1.Eight groups of weanling rats were maintained for 60 days on diets containing calcium and phosphorus in the ratio 0·1 at four different levels of mineral, namely 0·08, 0·12, 0·23 and 0·32% Ca, and in the presence and absence of added ergocalciferol.
2. Provision of vitamin D increased final body-weight, whereas at the highest mineral intake body-weight was reduced.
3. At each level of dietary mineral the serum Ca concentration was raised by vitamin D, whilst the serum P concentration was lowered except when the mineral intake was lowest.
4. With increasing mineral intake the serum Ca increased until at the highest intake it declined. Serum P was increased only at the highest mineral intake.
5. Measurements were made of bone weights, ash content and volume. Provision of vitamin D increased the fresh weight of bone at all levels of dietary mineral, and the dry weight and ash content were increased except at the lowest level of mineral intake. In general, the higher the dietary mineral the greater was the bone weight and its ash content.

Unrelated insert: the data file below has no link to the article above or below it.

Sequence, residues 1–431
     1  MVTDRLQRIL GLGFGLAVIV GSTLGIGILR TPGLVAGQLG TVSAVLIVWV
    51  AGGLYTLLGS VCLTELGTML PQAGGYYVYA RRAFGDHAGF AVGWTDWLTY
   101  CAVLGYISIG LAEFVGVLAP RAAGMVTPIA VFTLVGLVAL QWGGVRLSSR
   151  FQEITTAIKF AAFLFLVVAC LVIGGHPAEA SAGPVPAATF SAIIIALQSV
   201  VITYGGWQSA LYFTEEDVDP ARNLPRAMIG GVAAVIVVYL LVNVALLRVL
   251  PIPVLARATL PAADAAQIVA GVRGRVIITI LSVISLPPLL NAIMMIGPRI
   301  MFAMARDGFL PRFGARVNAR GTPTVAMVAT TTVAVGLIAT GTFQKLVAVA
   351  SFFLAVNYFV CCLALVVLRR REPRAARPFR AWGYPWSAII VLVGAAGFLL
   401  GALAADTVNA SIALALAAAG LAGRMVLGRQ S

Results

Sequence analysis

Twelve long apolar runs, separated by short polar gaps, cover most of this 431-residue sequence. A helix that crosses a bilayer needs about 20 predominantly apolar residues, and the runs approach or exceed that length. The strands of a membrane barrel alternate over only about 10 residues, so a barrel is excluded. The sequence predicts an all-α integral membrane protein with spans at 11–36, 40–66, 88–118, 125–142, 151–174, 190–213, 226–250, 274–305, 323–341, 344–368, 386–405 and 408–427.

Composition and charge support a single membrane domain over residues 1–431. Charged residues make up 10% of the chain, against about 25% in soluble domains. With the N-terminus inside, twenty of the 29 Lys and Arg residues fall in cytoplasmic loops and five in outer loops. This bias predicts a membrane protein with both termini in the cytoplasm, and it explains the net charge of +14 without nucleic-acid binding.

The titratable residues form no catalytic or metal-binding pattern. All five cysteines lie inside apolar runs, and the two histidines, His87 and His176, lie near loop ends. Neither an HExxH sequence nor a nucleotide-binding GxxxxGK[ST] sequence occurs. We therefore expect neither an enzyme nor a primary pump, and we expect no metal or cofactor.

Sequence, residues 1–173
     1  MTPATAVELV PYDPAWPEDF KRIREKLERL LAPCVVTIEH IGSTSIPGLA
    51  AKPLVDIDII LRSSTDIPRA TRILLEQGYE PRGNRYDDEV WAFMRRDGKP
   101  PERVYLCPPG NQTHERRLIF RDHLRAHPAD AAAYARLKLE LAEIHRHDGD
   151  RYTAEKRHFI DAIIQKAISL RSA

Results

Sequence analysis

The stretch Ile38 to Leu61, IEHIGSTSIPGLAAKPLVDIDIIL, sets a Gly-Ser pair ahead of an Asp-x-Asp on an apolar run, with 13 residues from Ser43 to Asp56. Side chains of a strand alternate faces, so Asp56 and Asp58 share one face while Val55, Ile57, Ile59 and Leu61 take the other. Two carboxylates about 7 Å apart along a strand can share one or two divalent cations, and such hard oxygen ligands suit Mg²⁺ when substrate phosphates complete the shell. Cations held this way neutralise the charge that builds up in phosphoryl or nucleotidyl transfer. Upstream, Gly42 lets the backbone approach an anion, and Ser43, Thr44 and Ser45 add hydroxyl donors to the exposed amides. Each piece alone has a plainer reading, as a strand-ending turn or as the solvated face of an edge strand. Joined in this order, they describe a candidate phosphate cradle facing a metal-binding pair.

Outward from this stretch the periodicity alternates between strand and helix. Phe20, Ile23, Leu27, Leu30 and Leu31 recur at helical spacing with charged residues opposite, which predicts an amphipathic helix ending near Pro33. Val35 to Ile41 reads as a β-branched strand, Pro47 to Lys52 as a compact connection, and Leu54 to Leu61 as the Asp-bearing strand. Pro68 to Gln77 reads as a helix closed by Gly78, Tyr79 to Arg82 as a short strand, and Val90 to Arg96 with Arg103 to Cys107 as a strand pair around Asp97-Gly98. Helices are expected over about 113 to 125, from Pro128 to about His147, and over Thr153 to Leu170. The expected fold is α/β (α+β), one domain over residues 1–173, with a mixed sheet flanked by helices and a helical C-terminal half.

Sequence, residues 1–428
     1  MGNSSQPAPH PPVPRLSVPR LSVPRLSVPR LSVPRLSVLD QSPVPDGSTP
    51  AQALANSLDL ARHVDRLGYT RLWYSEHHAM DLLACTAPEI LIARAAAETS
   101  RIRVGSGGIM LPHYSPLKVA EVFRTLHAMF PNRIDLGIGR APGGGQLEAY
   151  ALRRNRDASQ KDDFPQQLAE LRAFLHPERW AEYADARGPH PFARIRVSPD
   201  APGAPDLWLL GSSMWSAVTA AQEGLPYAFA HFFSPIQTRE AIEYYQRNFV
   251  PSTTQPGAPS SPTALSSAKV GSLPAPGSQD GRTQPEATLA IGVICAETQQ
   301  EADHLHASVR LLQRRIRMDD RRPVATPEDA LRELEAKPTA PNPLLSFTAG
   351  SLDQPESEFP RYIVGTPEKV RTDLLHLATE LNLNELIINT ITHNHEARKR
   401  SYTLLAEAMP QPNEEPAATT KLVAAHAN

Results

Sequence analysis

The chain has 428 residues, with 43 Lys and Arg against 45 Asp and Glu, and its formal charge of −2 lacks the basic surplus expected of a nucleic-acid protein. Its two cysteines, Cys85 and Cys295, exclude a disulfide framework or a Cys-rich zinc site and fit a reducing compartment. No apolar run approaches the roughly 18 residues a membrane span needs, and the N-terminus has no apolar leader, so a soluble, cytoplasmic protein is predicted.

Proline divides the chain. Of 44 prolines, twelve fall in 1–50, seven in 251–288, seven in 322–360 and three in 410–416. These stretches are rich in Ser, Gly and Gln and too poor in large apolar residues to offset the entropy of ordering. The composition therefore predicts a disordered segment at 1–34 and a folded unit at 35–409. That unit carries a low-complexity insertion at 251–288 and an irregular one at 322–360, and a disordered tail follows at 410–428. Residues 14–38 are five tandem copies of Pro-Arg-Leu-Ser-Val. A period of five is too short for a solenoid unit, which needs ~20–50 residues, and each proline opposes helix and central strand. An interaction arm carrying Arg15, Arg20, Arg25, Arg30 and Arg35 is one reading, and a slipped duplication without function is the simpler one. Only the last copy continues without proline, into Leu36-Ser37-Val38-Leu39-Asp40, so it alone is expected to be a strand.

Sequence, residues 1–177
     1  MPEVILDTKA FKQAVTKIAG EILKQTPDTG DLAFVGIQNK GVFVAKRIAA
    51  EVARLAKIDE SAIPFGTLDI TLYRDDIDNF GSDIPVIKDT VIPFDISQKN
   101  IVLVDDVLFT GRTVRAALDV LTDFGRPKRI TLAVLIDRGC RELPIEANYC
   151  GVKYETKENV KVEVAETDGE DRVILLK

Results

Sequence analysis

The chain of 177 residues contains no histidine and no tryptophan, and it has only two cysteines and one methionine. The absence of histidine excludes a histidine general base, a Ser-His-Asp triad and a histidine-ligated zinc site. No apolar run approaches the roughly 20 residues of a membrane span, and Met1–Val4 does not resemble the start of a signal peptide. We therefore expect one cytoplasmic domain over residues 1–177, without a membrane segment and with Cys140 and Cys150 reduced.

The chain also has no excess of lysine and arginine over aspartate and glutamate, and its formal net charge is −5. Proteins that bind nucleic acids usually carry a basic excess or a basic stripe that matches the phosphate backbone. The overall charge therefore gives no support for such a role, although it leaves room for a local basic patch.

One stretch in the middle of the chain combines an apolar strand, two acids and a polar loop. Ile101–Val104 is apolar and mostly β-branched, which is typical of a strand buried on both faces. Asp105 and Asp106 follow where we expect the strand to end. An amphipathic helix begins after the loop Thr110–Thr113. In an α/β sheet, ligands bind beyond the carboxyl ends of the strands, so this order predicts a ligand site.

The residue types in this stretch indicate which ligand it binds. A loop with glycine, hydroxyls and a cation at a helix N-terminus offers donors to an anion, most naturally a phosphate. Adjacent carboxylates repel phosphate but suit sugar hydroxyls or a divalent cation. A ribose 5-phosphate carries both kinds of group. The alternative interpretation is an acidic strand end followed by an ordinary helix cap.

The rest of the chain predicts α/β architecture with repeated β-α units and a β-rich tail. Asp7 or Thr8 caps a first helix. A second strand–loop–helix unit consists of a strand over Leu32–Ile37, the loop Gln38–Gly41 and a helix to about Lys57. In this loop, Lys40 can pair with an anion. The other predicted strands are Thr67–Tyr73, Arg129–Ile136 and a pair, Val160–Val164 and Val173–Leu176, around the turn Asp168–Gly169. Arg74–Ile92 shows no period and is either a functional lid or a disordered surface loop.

6. The presence of vitamin D resulted in an increase in tooth mass and ash content at each level of mineral intake. Tooth mass and ash increased with increasing dietary mineral except at the highest level when there was a decline.
7. At the lower levels of mineral intake the ratio of tooth mass to bone mass was greater than at the higher levels of intake.
8. Histological examination of the bones revealed no increase in the width of the epiphyseal cartilage in any group. In the group with the lowest levels of Ca and P without vitamin D (0·08% Ca, 0·8% P) the shafts of the femurs appeared thinner and porotic, and the trabeculae were thin; in the group fed the same diets supplemented with vitamin D the shafts were even thinner but less porotic; in all other groups the histological appearance of the bone was within normal limits.
9. Changes in the appearance of the dentine were demonstrated in all groups.